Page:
As our college has moved to remote teaching, I have been delighted to discover the commitment and resilience of my students and colleagues.
I am an astrophysicist who teaches across the astronomy and physics curriculum. Early in my career, a friend plugged me into an amazing astronomy education community that assisted me in developing “active learning” pedagogies. Under the mentorship of my fellow teachers at Rhodes, active learning methods entered all of my courses. Over the last five years, I recrafted my classes to emphasize preparation outside of class (often aided by “screencast” videos, as well as electronic fora and quizzes), in order to leave plenty of time for active learning in class. My quantum mechanics students, for example, regularly did problems on whiteboards and participated in class discussions about difficult concepts.
But despite the possibilities that technology has opened up for “flipping the classroom” in this way, my goal has always been to increase interpersonal interaction inside the physical classroom. So the idea of teaching remotely and moving the classroom to what seems like an impersonal venue—on short notice—presented a challenge.
Yet, during the past few weeks, I have met the common humanity of my students and colleagues in ways that supersede the medium. My students pop into our Zoom sessions prepared and ready to learn, with good humor, punctuality, and a spirit of flexibility. In the “breakout rooms” that Zoom offers, they do the usual one-on-one discussions that we would normally complete in the classroom. The wall-size whiteboards in our classroom have turned into tiny whiteboards or pieces of paper held up to the webcam, or a virtual whiteboard from a tablet. Student-generated ideas have abounded on how to use the technology to replicate classroom techniques.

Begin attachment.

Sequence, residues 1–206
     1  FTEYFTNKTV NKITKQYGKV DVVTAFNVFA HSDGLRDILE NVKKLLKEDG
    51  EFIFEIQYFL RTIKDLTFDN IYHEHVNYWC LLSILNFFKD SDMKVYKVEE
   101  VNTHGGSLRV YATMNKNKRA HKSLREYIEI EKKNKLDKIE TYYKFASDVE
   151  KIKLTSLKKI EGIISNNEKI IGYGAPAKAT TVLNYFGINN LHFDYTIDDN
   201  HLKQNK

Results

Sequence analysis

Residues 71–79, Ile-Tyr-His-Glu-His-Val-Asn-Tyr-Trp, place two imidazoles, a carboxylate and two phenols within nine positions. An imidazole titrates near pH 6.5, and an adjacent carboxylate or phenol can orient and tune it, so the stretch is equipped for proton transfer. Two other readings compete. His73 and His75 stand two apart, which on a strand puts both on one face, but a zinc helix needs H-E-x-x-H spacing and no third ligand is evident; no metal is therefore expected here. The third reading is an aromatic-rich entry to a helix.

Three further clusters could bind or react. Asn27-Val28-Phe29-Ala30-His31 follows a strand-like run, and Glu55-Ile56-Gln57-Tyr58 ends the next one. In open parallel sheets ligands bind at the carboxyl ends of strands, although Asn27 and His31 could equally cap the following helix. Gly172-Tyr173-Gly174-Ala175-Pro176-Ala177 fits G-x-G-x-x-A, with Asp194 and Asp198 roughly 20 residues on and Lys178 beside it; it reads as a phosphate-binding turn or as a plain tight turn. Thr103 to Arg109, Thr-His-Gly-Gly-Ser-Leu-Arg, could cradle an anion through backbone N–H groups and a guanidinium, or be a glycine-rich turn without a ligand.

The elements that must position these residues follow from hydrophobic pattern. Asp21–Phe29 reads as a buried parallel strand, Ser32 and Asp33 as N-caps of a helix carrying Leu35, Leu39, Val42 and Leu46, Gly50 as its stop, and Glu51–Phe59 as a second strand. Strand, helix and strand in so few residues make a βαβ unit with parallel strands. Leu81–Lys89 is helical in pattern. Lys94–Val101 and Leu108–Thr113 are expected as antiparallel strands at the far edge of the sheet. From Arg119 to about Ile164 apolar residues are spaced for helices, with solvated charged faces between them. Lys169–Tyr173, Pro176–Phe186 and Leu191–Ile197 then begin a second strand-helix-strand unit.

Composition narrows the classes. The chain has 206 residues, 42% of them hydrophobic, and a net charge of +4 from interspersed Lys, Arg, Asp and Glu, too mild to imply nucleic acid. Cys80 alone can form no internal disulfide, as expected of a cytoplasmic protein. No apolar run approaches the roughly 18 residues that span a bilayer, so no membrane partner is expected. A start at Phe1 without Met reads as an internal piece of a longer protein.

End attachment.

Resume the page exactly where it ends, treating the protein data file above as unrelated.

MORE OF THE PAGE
I chalk this up to imbibing the spirit of learning in our real-life interactions and to our students’ innate character and resilience. My colleagues, similarly, have risen to the occasion with vigor, fresh ideas, and a renewed desire to meet the needs of our students and each other.
I hope that the lesson from this time, once we emerge from the chrysalis of the Coronavirus, will be a fresh appreciation for the value of face-to-face interactions. In the meantime, the roots of our learning community are deep enough to sustain us even across physical distance.
Dr. David Rupke is an Associate Professor of Physics at Rhodes. His research lab students use spectroscopic data from some of the largest ground-based telescopes in the world (like the Gemini Observatory) and from space-based telescopes (like the Hubble Space Telescope and Spitzer Space Telescope) to probe galaxy evolution.